Sixty two white patients with primary open angle glaucoma were recruited from the outpatient clinics of Manchester Royal Eye Hospital without knowing the severity of visual field defects and optic nerve head damage. Informed consent was obtained from all patients after the examination procedure was fully explained. All patients underwent evaluations including abbreviated medical history, full ocular history, ophthalmological examination, automated visual field test, optic nerve head tomography, and scanning laser polarimetry. The ophthalmological examinations included logMAR visual acuity, slit lamp biomicroscopy, applanation tonometry, gonioscopy, and dilated indirect ophthalmoscopy for optic disc and nerve fibre layer evaluations. Visual field tests were performed with the Humphrey field analyser (HFA) (Model 740, Humphrey-Zeiss, Dublin, CA, USA) using the full threshold 24-2 program. Optic nerve head tomography was performed using HRT (software version 2.01, Heidelberg Engineering GmbH, Heidelberg, Germany). Scanning laser polarimetry was conducted with the GDx (software version 2.0.09, Laser Diagnostic Technologies, Inc, San Diego, CA, USA). Automated visual field testing, optic nerve head tomography, and scanning laser polarimetry were completed on each patient within 6 months of each other. The inclusion criteria included age ⩾40 years, best corrected visual acuity not worse than logMAR 0.4, spherical refractive errors ⩽+5.00 and ⩾−5.00D and cylinder ⩽3.00D, previous experience of full threshold perimetry, reliable HFA visual fields (fixation losses, false positives, and false negatives <25%) and good image quality with the HRT and GDx. The exclusion criteria included neurological disease, history of ocular trauma, intraocular surgery, other intraocular disease except early senile cataract, and generalised depression or an abnormal high sensitivity result with the glaucoma hemifield test (GHT). For the purpose of this study, glaucoma was defined as: (1) glaucomatous optic disc based on either cup/disc asymmetry between two eyes >0.2, rim defect, notching, excavation, or nerve fibre layer defect, and (2) two consecutive reliable abnormal HFA visual fields with corrected pattern standard deviation (CPSD) outside 95% normal limit, or GHT outside 99% normal limit, or three or more adjacent points with p <5% on the pattern deviation probability plot, and one of which must have p <1%.23 The index MD was not used because of the possibility of a reduced value resulting from cataract. If both eyes were eligible only one eye of each patient was chosen randomly.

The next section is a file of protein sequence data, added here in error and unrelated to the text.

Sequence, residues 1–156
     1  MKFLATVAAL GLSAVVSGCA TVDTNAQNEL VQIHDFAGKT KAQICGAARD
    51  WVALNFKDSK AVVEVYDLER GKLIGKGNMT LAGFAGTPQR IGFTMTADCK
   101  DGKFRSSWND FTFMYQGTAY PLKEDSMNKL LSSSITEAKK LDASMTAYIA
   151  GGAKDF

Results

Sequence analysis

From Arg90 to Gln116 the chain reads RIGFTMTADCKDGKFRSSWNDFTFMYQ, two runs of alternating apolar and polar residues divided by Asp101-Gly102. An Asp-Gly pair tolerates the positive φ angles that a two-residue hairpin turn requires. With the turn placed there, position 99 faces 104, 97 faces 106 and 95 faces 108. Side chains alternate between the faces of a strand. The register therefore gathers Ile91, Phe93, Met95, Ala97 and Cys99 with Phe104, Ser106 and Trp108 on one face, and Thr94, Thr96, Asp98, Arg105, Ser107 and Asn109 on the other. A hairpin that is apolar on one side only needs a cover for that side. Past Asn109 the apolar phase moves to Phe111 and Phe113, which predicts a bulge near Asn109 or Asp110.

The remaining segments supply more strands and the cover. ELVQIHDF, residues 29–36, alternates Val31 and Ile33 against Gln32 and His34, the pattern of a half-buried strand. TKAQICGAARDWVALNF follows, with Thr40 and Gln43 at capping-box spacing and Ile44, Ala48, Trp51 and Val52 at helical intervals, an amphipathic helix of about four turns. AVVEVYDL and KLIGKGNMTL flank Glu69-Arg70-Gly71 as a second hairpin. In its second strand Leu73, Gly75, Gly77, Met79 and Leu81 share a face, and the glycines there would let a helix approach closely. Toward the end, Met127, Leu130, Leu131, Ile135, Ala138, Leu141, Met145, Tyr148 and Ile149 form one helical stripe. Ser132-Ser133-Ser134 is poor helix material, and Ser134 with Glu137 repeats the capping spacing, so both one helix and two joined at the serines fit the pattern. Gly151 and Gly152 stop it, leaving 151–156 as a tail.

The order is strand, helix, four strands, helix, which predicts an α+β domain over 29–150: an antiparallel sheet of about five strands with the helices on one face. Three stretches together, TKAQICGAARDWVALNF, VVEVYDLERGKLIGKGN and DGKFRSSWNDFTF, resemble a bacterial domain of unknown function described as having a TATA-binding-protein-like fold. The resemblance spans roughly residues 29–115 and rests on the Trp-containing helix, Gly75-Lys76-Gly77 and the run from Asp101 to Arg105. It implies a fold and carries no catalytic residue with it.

Humphrey field analyser